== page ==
Feb 27, 2024 - World

Bibi pushes back against Biden: Most Americans still support Israel

President Biden sits with Israeli Prime Minister Benjamin Netanyahu at the start of the Israeli war cabinet meeting in Tel Aviv on Oct. 18, 2023. Photo: Miriam Alster/AFP via Getty Images

President Biden sits with Israeli Prime Minister Benjamin Netanyahu at the start of the Israeli war cabinet meeting in Tel Aviv on Oct. 18, 2023. Photo: Miriam Alster/AFP via Getty Images

Israeli Prime Minister Benjamin Netanyahu on Tuesday pushed back against President Biden's recent warning that Israel will lose support worldwide if its "incredibly conservative" government continues down its current path.

Why it matters: Netanyahu's comments, framed by his office as a "response to President Biden," underscore the growing tensions between two leaders as the war in Gaza drags on.

What they're saying: Biden said on NBC's "Late Night With Seth Meyers" show Monday night "Israel has had the overwhelming support of the vast majority of nations."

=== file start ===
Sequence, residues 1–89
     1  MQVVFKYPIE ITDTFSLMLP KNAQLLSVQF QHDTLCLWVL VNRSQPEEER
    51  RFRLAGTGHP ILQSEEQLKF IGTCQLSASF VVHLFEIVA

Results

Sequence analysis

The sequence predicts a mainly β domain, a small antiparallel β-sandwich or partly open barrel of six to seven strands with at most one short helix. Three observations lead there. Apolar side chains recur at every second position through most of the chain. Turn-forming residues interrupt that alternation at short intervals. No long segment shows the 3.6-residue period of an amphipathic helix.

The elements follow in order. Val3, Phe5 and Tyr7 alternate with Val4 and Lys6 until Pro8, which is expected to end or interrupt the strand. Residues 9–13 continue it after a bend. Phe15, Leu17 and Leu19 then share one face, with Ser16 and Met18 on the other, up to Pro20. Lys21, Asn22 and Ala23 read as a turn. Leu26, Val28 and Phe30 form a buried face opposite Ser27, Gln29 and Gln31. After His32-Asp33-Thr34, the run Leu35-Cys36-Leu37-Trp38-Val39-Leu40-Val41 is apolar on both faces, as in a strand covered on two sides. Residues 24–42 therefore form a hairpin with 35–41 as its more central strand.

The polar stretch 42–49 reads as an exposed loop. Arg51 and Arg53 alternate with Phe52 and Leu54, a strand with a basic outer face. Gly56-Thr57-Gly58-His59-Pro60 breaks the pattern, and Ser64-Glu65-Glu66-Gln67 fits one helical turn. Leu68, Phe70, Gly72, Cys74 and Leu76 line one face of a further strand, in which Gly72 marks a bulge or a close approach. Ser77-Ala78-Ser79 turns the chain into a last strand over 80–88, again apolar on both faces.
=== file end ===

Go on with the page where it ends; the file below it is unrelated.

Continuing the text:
• But if it continues on its current path "with this incredibly conservative government they have, and Ben-Gvir and others…they're gonna lose support from around the world, and that is not in Israel's interest," Biden said, referring to Israel's ultranationalist National Security Minister Itamar Ben-Gvir.
  • Biden said, however, "there is a path forward," which he sees as a hostage deal with a ceasefire during the month of Ramadan. "That gives us time to begin to move in directions that a lot of Arab countries are prepared to move in," he said. "For example, Saudi Arabia's ready to recognize Israel."

Netanyahu pushed back on Tuesday, claiming in a video that he's led a successful campaign aimed at "countering international pressure to end the war ahead of time and mobilize support for Israel."

  • He appeared to cite a recent Harvard-Harris poll that found more than 80% of those surveyed in the U.S. supported Israel more than Hamas in the current conflict.
  • "This gives us more backing to continue the war until the total victory," Netanyahu said.

Yes, but: A recent AP/Norc poll showed that 50% of U.S. adults surveyed in January said they believed Israel's actions had gone too far. That was up from 40% in November.

The big picture: Biden has grown increasingly frustrated with Netanyahu and Israel's actions during the war.

  • The U.S. president earlier this month called the Israeli military operation in Gaza "over the top" and in January he told Netanyahu he's not in it for a year of war.

Editor's note: This story has been updated with additional details.

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